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Page last updated at 11:15 GMT, Saturday, 12 March 2011

Can libraries survive in a digital world?

By Alex Hudson
BBC Click


The British Library has aspirations to digitise all of its 14m books

Publishers stand accused of "nonsensical" policies on e-book lending to libraries. So, with nearly $1bn spent on e-books last year in the US alone, what does this mean for the institutions already at risk of closure?

When publishers "declared war on libraries" last October - according to Luton's head of libraries - there was uproar.

The Publishers' Association (PA) in the UK has agreed with the major publishing houses to restrict e-lending by either geographical location or the number of readers using an e-book at any one time.

Amazon Kindle next to a pile of books
Amazon says it sold over 8m Kindle e-readers worldwide in 2010

And when HarperCollins became the first publisher to put its head above the parapet and change its conditions to the libraries, there was further anger.

It believes that e-books should be given a licence for 26 uses and then this must be renewed at further - though reduced - cost.

"We believe this change balances the value libraries get from our titles with the need to protect our authors and ensure a presence in public libraries," read a HarperCollins statement.

The "26-use" model was arrived at because, HarperCollins says, of the average lifespan of a physical copy in a library.

"Our hope is to make the cost per circulation for e-books less than that of the corresponding physical book," says Josh Marshall, president of sales at HarperCollins.

While only a policy in the US at the moment, HarperCollins "weren't ruling out" it happening in the UK and this has angered librarians even further.

The whole point of having an e-book is that I can get one wherever I am, whenever I want
Phil Bradley, librarian

"The idea that they've decided on 26 uses doesn't make any sense to me," says librarian Phil Bradley, vice president of the Chartered Institute of Library and Information Professionals.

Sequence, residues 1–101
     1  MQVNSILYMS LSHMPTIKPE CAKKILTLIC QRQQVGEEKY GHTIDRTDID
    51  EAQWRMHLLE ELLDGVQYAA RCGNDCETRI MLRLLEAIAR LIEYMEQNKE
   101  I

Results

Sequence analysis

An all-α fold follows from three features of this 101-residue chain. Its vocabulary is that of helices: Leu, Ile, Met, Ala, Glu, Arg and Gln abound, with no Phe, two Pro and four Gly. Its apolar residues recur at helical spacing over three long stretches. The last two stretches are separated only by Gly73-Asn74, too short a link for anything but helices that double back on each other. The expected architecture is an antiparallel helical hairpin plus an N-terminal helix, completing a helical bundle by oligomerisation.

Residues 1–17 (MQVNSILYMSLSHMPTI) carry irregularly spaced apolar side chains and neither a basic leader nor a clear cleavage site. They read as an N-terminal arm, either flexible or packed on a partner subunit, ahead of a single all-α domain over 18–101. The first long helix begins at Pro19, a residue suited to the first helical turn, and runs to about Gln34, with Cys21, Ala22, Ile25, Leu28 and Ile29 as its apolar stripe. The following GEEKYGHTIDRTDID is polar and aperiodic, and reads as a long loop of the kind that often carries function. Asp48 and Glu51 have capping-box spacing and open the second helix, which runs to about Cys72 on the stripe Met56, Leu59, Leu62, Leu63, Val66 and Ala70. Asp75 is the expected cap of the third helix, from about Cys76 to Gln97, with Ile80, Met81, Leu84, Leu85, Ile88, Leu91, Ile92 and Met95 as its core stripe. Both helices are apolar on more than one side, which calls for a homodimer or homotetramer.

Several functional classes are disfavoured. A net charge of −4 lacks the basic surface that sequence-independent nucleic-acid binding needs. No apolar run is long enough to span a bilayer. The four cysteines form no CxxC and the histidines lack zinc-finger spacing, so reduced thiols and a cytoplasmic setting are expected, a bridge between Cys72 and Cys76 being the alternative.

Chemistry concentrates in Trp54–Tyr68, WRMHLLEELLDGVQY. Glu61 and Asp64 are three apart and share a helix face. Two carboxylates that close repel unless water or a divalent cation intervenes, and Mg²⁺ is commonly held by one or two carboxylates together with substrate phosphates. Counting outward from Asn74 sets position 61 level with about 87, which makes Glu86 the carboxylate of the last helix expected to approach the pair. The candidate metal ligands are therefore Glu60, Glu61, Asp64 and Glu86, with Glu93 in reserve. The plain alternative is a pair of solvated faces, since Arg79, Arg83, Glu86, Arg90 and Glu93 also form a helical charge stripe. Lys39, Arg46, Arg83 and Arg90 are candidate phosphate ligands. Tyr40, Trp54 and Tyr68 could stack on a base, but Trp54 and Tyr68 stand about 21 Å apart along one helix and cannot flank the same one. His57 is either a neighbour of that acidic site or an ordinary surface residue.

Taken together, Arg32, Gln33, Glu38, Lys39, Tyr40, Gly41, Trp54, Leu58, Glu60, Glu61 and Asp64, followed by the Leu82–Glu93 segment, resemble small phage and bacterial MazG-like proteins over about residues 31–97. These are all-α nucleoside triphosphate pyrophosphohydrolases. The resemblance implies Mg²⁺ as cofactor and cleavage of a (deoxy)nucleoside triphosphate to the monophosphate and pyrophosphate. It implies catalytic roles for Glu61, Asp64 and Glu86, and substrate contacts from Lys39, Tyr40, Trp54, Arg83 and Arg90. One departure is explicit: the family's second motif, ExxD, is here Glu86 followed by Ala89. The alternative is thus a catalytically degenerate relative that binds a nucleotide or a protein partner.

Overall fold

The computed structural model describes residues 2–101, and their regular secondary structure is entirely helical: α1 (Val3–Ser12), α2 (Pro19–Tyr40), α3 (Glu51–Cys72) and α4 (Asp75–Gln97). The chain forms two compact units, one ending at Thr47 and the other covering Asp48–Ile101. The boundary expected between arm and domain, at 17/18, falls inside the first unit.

"Any librarian can tell you that a paperback can be loaned at least 40 times and a hardback even more than that."

He had previously described the announcement as "a stupid, backward looking and retrograde step" on his personal blog.

'Price-tag zero'

But if all e-books were available to everyone at any time, why would anyone need to buy a book ever again? And why would anyone need to visit a library if it could be downloaded off-site?

"It's important to remember that libraries are not simply bookstores where the price-tag always reads zero," says Nora Daly, digital curator of the British Library.

"They exist to collect, sometimes create, but always preserve that knowledge, regardless of what format it is in and to help make it grow through advocating and assuring free and fruitful access to it.

The British Library's Growing Knowledge Centre
The British Library offers a glimpse of what could be the library of the future

"If we understand the role of libraries in that context, then in 10 years' time they will still be providing open and trusted environments - virtually and physically - in which to share, create and grow knowledge."

Amazon, the biggest e-book retailer, is getting in on the e-lending act. It offers the ability, in the US alone and only if the publishers opt in, to allow the "owner" of an e-book to lend it to someone else. Each file is allowed to be loaned only once for 14 days and cannot be read by the original purchaser during that time.

"We've got the balance about right in the [traditional] publishing world," says Richard Mollet, chief executive of the PA.